When the whole nation is gearing up to “Go Digital”, the B2B eCommerce industry is largely going Digital
For a number of years now, the predicted growth of B2B eCommerce has been a key trend among major industry strategists, much like well-trodden topics such as Mobile Commerce and Big Data. Unlike these trends however, B2B eCommerce still remains in a relatively dwarf space, and successful adoption continues to lag behind B2C players, where consumers have long now expected a consistent experience across all touch points and devices.
We see digital early-adopter companies like Kobster from 2012 making huge innovations in the B2B space, by introducing technology-driven and market-differentiating capabilities to their offering(s). Kobster succeeds by leveraging best practices from their B2C counterparts, including responsive design, omni-channel pricing consistency by updating prices with immediate effect and business process simplification. However, other B2B players, particularly smaller-sized businesses, continue to remain behind the curve in both eCommerce and digital adoption in general.
Why is this digital “revolution” very important?
From the perspective of Kobster, as learnt, there are three primary reasons causing this:
- Tangled and Company-Peculiar B2B Business Methods
B2B buyers come in all different shapes and sizes- the scale, range and frequency of customer purchases can vary hugely within a single B2B organisation. As a result, B2B systems need a complex pricing model which can apply pricing at account level during the early stages of a contract signing. These need to accommodate price fluctuation, customer-specific pricing and quantity-based (bulk) discounts. If you then add the need to offer flexible, quotation-based pricing to customers, it is daunting for an organisation to entrust pricing solely to an eCommerce platform, and decrease reliance on person-to-person communication when applying discounts.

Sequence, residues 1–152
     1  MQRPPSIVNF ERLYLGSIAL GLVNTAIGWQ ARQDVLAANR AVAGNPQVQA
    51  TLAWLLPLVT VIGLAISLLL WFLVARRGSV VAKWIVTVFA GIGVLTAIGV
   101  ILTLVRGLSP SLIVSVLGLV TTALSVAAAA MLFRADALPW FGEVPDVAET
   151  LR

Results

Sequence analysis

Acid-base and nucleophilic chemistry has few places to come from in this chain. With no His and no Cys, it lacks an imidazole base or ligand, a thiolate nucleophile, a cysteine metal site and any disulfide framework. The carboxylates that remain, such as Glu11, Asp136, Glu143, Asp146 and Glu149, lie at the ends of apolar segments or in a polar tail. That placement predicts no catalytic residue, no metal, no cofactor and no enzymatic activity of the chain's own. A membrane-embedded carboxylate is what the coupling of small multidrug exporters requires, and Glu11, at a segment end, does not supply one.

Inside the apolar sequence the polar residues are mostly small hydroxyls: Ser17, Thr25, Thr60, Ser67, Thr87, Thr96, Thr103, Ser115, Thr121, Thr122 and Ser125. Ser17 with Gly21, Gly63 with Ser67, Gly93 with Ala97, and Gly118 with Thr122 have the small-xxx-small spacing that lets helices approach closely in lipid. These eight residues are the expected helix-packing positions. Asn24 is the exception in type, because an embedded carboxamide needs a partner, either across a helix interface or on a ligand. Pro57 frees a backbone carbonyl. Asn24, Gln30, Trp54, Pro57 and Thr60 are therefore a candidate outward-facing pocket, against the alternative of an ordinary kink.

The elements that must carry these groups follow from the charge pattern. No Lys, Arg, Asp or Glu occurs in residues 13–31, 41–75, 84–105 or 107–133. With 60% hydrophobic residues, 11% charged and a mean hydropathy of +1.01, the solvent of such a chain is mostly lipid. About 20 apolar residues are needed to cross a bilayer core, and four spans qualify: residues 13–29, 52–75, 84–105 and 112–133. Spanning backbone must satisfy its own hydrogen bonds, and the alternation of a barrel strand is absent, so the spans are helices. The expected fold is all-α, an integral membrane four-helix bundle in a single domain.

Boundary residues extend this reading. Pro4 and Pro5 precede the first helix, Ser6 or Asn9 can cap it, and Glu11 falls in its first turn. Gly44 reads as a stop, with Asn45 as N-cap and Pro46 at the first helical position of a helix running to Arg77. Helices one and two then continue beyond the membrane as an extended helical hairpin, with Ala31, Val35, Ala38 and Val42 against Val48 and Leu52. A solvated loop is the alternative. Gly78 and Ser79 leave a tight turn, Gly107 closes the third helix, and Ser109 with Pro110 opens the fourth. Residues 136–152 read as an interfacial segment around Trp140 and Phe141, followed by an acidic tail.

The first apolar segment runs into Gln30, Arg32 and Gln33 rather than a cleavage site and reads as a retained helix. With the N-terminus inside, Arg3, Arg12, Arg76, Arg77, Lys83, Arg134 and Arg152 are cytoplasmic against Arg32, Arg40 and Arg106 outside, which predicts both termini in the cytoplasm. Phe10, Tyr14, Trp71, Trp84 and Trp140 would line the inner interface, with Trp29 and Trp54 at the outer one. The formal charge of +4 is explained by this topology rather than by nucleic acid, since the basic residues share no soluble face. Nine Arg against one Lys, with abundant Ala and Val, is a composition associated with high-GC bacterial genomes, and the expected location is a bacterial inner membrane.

A Legacy called “Kobster Elite”
eProcurement systems like Kobster Elite typically involves the use of point-to-point connection between buyer and the seller through electronic data interchange, which do not lack the flexibility to scale, adapt and update alongside the shifting demands of the industry. This renders Kobster Elite successfully serve to, and be compatible with, software upgrades or enhancements by another member of the supply chain (courier partners) or members of their customer base.
Client Relationships that are entrusted, completely.
The ‘typical’ B2C customer journey does not apply in the realm of B2B buying and selling. B2B business relationships include purchasing permissions (approvals), contractual obligations and price quotations, all of which often require a need for real human expertise as part of the buying process. Again, it is challenging for B2B businesses to imagine a landscape where this complexity is integrated seamlessly into the eCommerce experience and it is easily achieved through the eProcurement tool- Kobster Elite.
- Internal “Digital vs. Non-Digital” Conflict
The Value of face to face business conversations